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Catskills Spreads Fun Across Four New York Counties

If you're heading to New York's Catskills this summer, get out your leg warmers and expect to have the time of your life.

August marks the 30th anniversary of "Dirty Dancing," the 1987 movie set in a fictional Catskills lodge and starring Patrick Swayze and Jennifer Grey. The area is celebrating the fan favorite with film screenings, cabarets and special food-and-lodging packages, all designed to pay homage to the iconic movie.

"We've been associated with the movie ever since it came out," says Roberta Bryon-Lockwood, president of the Sullivan Catskills Association (sullivancatskills.com). "There are some fun events planned for the occasion."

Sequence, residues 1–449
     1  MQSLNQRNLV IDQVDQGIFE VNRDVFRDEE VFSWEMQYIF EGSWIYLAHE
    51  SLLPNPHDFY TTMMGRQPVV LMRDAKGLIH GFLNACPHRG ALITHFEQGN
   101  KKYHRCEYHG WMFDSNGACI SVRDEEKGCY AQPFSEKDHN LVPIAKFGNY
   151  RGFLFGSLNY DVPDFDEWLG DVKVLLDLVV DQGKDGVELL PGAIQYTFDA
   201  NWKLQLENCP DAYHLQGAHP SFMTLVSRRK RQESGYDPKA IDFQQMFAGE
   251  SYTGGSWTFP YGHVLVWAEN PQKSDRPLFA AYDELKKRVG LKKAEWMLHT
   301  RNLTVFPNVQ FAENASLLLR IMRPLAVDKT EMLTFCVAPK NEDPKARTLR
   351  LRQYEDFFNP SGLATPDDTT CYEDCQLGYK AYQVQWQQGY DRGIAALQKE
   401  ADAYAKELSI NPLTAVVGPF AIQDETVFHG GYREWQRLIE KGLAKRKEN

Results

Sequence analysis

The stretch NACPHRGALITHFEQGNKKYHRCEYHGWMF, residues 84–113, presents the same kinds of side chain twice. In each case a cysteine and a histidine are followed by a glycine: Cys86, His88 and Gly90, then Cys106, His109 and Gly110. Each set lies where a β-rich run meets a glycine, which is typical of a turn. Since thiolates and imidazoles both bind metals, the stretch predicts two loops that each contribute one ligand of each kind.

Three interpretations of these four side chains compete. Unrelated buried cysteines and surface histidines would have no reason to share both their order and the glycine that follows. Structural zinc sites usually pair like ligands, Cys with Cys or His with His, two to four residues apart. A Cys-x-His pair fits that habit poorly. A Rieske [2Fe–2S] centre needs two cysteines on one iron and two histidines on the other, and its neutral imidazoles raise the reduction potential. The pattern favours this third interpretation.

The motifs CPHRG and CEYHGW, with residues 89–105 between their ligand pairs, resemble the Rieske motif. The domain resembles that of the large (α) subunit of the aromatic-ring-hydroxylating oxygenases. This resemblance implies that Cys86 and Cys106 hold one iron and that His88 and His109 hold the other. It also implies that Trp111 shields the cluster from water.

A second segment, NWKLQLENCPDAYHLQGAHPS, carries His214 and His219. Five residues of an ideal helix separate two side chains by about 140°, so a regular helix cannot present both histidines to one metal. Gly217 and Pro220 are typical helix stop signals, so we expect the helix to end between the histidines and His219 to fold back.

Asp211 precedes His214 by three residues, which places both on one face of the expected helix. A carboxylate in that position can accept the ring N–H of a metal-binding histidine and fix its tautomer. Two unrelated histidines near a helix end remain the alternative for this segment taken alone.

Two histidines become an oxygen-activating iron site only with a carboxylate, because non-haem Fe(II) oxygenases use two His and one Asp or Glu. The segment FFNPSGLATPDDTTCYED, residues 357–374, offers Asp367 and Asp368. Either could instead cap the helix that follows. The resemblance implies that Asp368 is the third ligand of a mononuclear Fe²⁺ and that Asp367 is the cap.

Even if you're not a fan of the film, you'll still find plenty to do. The Catskills, with its arts and culture, history, breathtaking scenery, lakes and hiking trails, trendy distilleries, adventure parks and a museum devoted to the Woodstock music festival, offer plenty of activities for visitors.

The area is so large — the Catskills encompass all of Sullivan, Delaware, Green and Ulster counties as well as parts of others — and there's so much to do, it's hard to know where to start and what not to miss.

Joanne Michaels (joannemichaels.com), author of "The Hudson Valley & Catskill Mountains, An Explorer's Guide" and "Let's Take the Kids!Great Places to Go in New York's Hudson Valley Including the Catskills, the Capital Region, the Adirondacks, Lake George, the Berkshires, and Cooperstown," says it's easy for first-time visitors to get overwhelmed by the choices.